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December 5, 2007

Give an OLPC laptop to an inferior individual today!

Last week I talked with a friend about homeless fashion. After recalling a guy who was always seen in a well-fit (though worn) suit, we pondered why the homeless never really seemed to subscribe to general fashion norms.

It is obvious that a person who lives without permanent shelter must dress more for utility than for show. Their clothes will work much harder and be treated much less than the clothes of the average suburban closet. As a result of their constant usage they'll look dingy, yes; it is not to these fashion rules of crispness or fancy that we are referring. We were thinking more that fashions change rapidly and vary by location and social strata. We are not experts on homeless societies, but there seems to be much less variation. Moreover, what is worn often seems to be unappealing to anyone who had a choice.

It was my assertion, therefore, that the clothes of the homeless were the selections from a body of clothing which was generated under the assumption that "beggars can't be choosers." She immediately noted that the average thrift store is filled with items that are absolutely horrendous, wondering why anyone would think a homeless person would want to wear that. I reminded her that any clothing that was given secondhand was once the first-hand wardrobe of someone; we can only blame ourselves for the bad taste in outfits sported by our homeless contemporaries.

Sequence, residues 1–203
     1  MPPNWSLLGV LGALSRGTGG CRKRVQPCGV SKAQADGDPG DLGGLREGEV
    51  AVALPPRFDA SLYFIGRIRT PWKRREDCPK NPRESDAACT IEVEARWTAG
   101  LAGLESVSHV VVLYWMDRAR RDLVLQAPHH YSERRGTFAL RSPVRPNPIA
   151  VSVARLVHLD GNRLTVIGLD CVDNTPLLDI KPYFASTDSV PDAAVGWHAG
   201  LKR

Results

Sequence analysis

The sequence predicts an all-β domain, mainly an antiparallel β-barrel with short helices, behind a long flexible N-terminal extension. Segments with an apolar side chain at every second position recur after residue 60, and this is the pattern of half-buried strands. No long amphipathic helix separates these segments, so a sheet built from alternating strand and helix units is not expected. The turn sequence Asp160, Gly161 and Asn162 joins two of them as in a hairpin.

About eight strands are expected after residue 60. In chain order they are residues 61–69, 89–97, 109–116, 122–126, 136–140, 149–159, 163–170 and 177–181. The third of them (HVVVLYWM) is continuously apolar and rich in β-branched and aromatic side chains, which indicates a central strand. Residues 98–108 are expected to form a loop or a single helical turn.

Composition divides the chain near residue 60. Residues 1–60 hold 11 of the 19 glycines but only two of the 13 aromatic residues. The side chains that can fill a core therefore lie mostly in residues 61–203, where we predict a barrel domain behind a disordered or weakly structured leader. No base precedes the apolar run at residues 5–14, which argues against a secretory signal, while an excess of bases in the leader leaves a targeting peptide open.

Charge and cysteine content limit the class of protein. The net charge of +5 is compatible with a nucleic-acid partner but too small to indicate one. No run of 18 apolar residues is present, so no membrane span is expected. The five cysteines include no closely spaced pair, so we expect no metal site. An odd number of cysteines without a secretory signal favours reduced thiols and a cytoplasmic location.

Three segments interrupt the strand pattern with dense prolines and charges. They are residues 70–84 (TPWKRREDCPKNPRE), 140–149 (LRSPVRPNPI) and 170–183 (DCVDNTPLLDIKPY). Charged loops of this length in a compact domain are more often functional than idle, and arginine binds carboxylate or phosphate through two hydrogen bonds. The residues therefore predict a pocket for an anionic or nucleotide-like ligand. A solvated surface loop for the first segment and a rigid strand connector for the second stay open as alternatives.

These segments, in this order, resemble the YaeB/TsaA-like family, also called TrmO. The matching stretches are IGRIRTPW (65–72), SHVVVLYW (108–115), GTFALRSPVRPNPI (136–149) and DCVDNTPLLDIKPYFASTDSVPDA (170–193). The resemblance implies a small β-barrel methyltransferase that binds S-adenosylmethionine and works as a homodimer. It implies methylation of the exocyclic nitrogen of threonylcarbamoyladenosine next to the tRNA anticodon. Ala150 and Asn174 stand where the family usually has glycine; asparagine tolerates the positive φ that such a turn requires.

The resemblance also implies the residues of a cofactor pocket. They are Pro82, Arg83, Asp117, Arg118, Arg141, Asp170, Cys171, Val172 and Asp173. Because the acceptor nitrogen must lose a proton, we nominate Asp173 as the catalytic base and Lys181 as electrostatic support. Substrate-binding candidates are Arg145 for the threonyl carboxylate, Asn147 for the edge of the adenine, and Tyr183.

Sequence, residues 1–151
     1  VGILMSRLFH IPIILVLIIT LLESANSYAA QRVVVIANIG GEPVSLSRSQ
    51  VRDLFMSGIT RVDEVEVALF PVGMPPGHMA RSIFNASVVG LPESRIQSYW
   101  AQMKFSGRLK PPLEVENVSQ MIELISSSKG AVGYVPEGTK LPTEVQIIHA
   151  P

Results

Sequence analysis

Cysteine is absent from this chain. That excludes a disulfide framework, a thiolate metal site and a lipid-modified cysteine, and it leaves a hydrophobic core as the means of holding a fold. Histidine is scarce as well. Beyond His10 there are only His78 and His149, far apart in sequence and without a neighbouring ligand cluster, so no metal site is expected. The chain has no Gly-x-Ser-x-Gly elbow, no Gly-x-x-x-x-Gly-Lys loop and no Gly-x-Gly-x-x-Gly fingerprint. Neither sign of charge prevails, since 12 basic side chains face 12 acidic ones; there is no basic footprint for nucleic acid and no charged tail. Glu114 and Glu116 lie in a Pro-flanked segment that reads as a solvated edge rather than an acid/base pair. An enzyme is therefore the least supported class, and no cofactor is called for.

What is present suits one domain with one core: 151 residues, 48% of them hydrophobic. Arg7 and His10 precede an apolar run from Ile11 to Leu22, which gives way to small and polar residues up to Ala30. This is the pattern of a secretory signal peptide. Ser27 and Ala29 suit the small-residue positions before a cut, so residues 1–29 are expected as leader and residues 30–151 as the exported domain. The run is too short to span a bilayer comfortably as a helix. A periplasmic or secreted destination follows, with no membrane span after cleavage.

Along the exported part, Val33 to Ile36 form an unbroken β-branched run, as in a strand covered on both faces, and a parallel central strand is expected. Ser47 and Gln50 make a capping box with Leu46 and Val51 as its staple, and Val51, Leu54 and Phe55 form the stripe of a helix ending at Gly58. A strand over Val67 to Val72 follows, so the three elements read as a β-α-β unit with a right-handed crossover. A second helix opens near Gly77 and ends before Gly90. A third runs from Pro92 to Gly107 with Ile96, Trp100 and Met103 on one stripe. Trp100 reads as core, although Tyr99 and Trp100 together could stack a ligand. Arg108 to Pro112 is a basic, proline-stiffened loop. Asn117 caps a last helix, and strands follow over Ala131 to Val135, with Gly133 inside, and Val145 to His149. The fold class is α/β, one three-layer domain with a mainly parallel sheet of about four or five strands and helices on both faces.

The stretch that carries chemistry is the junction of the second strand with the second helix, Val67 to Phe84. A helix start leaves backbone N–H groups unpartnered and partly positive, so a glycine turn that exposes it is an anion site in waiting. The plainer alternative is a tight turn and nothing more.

If I took a homeless person shopping for a first-hand wardrobe they could utilize for this wintry season, what would they buy? Would it combine utility with societal acceptance, or would it continue to be pragmatic to such extreme levels? Could the homeless community participate in fashion as equals instead of recipients of the remainder?

It is this same concept that keeps me from being excited about the OLPC project. I've talked about this before, but I don't really hear anyone else talking about it. What I hear is how great it is to give poor people a computer that can give them access to what the rest of us have. The laptop is durable, portable, and has decent features for its price. Let's give it to the world; there's no way they could complain about a free computer, right?

If I took one of my contemporaries from the developing world shopping for a custom-built machine, what would they buy? Would it look anything like the XO? More importantly, could the developing community participate in the development of technology or continue to be the recipients of the remainder?

Conversely, if I found a vault of unclaimed cash of such proportions that I could provide an XO to every person of every developing nation, what would I have accomplished? Uniformity, for the most part. Is that really what we want--for everyone to solve the issues of technology from the same perspective that we approach them from? Granted, we may see desire lines that indicate more efficient ways, but these are reactions to implementations that are not accommodating user intentions; do we really want our technological discoveries to be achieved through such happenstance?

I hope that the plight of both the homeless and the developing society might be better approached. We only do ourselves a disservice by not seeing these communities as equals who can aid us as much as we aid them.

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